The first Ivy League institution to no longer require SAT and ACT results for undergraduate admission is Columbia University. The official announcement that students will no longer be needed to submit their standardised test results for undergraduate admissions, came from the renowned varsity.
The Ivy League school said that it would be removing SAT and ACT scores as a primary criterion for undergrad admissions, joining numerous other colleges and universities in doing so. Nonetheless, Columbia is the first Ivy League institution to make testing optional for all students.
“Our review is purposeful and nuanced—respecting varied backgrounds, voices, and experiences—in order to best determine an applicant's suitability for admission and ability to thrive in our curriculum and our community, and to advance access to our educational opportunities,” said a statement by Columbia University.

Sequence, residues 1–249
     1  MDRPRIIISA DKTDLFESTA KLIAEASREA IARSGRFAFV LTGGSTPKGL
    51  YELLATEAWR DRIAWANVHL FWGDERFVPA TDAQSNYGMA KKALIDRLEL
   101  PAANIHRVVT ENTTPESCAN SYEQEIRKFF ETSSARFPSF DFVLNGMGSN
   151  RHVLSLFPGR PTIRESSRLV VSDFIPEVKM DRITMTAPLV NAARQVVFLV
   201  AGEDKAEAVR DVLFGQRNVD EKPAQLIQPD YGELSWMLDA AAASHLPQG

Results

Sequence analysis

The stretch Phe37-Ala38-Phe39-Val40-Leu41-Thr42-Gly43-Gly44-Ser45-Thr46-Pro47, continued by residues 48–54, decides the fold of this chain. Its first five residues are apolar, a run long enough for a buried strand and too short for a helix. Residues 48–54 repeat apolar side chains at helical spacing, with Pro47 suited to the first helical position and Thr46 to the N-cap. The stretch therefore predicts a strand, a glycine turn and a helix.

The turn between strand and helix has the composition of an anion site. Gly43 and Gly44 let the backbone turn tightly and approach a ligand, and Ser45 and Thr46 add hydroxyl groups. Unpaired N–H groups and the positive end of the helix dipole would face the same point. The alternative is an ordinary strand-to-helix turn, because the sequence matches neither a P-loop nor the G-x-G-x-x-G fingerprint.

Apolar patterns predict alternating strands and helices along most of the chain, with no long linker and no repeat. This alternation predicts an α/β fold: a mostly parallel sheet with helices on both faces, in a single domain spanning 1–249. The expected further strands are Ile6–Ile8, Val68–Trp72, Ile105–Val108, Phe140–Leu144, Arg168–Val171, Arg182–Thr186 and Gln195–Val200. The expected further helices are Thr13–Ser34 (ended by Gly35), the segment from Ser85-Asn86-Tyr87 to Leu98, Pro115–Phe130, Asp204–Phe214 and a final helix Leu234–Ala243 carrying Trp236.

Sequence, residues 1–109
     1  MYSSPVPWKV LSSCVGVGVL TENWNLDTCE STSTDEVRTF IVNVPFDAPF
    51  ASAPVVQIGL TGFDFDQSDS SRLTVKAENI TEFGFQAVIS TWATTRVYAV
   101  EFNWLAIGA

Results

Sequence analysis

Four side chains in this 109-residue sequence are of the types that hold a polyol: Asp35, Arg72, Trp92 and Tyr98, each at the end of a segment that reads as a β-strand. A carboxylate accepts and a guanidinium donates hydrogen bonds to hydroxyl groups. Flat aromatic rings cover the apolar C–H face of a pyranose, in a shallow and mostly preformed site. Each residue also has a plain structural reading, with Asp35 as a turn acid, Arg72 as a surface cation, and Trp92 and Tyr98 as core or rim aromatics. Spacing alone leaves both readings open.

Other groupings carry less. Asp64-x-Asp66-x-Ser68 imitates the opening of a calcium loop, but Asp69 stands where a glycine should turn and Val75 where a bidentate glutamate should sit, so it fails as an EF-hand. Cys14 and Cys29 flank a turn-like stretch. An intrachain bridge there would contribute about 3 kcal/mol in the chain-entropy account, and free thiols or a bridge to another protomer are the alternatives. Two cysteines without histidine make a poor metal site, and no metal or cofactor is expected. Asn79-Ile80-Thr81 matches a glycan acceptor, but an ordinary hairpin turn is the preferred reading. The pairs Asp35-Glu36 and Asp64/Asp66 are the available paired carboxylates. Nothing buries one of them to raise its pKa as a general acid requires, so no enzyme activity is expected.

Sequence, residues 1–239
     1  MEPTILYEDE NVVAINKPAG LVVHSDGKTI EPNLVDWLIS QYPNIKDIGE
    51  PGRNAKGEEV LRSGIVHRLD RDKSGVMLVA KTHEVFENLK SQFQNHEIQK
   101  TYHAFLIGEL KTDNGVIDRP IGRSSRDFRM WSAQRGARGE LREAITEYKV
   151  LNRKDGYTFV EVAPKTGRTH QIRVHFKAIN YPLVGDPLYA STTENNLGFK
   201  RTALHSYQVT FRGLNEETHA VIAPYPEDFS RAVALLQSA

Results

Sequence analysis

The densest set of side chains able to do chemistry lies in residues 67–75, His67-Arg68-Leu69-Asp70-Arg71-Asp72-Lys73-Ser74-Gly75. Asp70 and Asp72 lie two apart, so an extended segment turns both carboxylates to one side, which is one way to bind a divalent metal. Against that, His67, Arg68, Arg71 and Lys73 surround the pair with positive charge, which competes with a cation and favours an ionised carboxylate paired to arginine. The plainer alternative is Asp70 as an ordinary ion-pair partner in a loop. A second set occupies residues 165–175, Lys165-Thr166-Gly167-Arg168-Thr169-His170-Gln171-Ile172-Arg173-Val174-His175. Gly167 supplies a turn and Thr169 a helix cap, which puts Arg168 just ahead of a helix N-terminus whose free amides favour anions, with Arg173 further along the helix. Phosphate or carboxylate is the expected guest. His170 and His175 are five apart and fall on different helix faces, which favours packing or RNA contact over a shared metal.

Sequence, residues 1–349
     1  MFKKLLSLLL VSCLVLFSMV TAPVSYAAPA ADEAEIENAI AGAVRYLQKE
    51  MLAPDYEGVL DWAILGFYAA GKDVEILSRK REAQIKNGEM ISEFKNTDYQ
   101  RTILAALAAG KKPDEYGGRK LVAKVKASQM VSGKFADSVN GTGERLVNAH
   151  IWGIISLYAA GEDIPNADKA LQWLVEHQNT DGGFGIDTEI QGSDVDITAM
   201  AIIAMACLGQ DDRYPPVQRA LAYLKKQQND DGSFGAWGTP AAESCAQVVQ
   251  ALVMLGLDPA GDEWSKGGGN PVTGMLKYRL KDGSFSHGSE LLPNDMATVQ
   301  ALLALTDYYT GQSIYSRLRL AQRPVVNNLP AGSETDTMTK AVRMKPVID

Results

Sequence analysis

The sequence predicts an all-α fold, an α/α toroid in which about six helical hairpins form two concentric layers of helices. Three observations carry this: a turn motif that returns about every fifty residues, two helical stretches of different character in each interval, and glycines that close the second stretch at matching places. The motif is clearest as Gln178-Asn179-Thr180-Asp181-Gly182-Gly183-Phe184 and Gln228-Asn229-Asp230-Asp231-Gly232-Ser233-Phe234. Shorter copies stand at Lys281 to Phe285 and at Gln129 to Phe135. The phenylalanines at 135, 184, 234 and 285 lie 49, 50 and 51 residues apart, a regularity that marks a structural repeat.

The official statement went on to say that pupils would be given greater flexibility and possibilities by eliminating standardised testing. Students would have more freedom to express their academic talent, hobbies, and objectives if examinations like the SAT and SCT weren't used.
It should be noted that testing is not required and is only optional for students who want to apply for admission to Columbia University. Students who have taken any of the required tests may still apply to the institution, but doing so is no longer required as a part of the admission process.
In response to the pandemic, additional Ivy League institutions, including Harvard University, Yale University, Princeton University, Brown University, Dartmouth College, University of Pennsylvania, and Cornell University, have extended their test-optional admissions exemptions; however, they have not yet made them permanent.
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